Collective action by international companies which are following through on their global environmental commitments is key to counteracting greenwashing. This is because they can and do exert influence on their employees, on the communities they work with and on small companies which are part of their supply chains. Companies which have a significant stake or interest in greening the Polish economy on account of their investments in production facilities and market access must do more individually and together to demonstrate that they are serious about their environmental responsibility. This will be key to speeding Poland's transition to a more environmentally sustainable economy and society.

Rafal Serafin

Rafal Serafin is a development director at the Partnering Initiative, a global program of the International Business Leaders Forum (IBLF), based in London. The IBLF works with over 80 global companies to put business at the heart of sustainable development (www.iblf.org). He has also been associated with the Polish Environmental Partnership Foundation and its mission to enable community-based sustainable development for nearly 20 years (www.fpds.org). He can be contacted at rafal.serafin@iblf.org

7 Sins of Greenwashing
1. Hidden Tradeoffs-suggesting a product is green by focusing on an unreasonably narrow set of environmental attributes which ignore other, more significant environmental impacts. For example, the claim that paper from sustainably harvested forests is environmentally favorable, ignoring other effects of the paper-making process, which involve pollution.
2. No Proof-unsubstantiated environmental claims. For example, claims that toilet tissue is made from varying percentages of recycled material.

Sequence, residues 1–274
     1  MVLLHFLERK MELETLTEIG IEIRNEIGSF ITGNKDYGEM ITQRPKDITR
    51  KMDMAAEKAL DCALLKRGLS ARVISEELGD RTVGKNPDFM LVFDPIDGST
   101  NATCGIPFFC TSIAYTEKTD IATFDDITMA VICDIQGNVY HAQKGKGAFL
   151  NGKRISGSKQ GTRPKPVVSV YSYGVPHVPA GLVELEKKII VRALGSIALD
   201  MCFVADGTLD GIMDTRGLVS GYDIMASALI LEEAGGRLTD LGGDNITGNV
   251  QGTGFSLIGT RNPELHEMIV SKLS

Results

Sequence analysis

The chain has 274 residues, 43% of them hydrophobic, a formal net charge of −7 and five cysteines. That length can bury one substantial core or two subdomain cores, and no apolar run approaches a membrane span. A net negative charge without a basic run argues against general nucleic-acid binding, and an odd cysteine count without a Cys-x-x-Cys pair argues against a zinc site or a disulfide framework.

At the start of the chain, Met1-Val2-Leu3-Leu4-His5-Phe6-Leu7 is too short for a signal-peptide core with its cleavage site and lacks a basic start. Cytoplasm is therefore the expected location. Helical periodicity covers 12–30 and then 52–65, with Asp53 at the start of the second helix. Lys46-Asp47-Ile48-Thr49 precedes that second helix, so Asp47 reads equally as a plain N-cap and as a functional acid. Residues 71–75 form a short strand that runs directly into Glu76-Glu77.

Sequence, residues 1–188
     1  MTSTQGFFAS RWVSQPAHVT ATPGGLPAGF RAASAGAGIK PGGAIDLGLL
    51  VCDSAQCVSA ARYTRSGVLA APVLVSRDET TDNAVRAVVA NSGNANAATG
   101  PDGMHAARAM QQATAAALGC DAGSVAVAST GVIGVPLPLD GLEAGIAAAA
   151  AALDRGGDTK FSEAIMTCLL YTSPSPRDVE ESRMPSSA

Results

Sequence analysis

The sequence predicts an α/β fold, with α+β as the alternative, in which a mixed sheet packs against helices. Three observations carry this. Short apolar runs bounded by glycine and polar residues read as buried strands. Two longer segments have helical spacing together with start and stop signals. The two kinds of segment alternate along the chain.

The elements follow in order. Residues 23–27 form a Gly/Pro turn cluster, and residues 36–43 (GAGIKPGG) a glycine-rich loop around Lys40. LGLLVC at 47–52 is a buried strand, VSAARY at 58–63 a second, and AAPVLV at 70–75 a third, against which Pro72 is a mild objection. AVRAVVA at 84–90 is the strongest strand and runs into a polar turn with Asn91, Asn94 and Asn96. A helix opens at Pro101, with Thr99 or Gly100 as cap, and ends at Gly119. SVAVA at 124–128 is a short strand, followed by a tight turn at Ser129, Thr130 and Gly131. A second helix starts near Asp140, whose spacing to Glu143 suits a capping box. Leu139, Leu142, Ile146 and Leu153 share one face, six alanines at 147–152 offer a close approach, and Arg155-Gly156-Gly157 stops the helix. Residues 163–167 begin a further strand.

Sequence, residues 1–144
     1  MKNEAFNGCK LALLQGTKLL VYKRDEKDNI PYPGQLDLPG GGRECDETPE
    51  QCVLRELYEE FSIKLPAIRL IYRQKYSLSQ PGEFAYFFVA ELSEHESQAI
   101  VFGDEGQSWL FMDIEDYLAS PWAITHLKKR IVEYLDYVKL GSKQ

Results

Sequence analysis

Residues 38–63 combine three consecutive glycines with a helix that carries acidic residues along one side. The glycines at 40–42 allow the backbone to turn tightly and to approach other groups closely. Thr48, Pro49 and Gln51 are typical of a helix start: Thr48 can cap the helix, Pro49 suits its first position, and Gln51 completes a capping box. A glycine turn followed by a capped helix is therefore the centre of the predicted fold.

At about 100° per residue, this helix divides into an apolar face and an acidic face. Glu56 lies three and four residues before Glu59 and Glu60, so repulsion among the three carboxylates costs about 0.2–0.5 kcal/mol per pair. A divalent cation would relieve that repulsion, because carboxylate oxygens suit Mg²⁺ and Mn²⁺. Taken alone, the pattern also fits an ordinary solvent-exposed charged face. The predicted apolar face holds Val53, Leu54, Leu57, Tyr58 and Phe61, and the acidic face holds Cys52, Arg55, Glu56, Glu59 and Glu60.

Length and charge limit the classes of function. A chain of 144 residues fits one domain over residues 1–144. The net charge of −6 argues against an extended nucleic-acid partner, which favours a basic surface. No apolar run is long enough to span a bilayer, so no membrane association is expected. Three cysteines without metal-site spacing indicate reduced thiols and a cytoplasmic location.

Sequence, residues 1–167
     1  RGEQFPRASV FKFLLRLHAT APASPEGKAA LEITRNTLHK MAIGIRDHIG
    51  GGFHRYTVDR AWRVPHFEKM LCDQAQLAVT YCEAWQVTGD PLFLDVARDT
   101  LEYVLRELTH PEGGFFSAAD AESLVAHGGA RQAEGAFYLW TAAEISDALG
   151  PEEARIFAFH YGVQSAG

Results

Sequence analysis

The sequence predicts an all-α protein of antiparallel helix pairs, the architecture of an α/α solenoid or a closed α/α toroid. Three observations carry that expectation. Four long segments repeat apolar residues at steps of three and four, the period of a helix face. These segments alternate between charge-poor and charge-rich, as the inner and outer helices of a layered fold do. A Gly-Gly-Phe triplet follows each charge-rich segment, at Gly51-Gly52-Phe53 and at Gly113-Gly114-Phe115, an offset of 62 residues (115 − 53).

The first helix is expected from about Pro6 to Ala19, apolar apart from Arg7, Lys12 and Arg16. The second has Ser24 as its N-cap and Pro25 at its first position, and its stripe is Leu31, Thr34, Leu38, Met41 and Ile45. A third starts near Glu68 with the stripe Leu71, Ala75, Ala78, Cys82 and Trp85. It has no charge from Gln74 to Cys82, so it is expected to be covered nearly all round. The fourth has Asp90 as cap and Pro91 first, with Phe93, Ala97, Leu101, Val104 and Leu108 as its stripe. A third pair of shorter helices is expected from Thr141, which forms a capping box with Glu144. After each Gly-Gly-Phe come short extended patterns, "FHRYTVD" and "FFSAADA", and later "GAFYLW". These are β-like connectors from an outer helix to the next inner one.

3. Vagueness-broad claims that cannot be put to the test. A typical example is the claim that a product is 100 percent natural. Uranium and mercury are also natural. What is natural is not necessarily green.
4. Irrelevance-claims which are truthful, but irrelevant or unhelpful to those seeking environmentally preferable products. For example, labeling products as "CFC-free" is unhelpful as products must be CFC free by law.
5. Lesser of two evils-focusing on an environmental attribute of a product category which itself is problematic. Examples are electronic cigarettes or fuel-efficient SUVs.
6. Fibbing-this is the least common category, but the most significant as it involves claims that are simply false. For example, claiming energy efficiency performance when such performance cannot be attained.
7. Worshipping false labels-creating the illusion that products have been endorsed by third parties, especially through "own-labeling" schemes which are not subjected to independent verification.

The 7 sins of greenwashing were articulated by TerraChoice, a leading US environmental marketing firm.

You can find out more on www.sinsofgreenwashing.org

* This was a definition used by TerraChoice, a leading US environmental marketing firm, when investigating environmental claims made by companies in the United States, Britain and Australia earlier this year. You can find out more on www.sinsofgreenwashing.org

Environmental Certificates
For details on how to qualify for one or more of the Polish Environmental Partnership Foundation's environmental certificates and to view a list of certificate holders, see

Green Office
……an initiative to reduce the environmental impact of offices.

Bicycle Friendly
……an initiative to enable organizations to become part of the green infrastructure needed to promote bicycling.

Clean Tourism
…..an initiative to promote environmental responsibility in the tourism sector.

……an initiative to encourage schools to become living examples of sustainable development.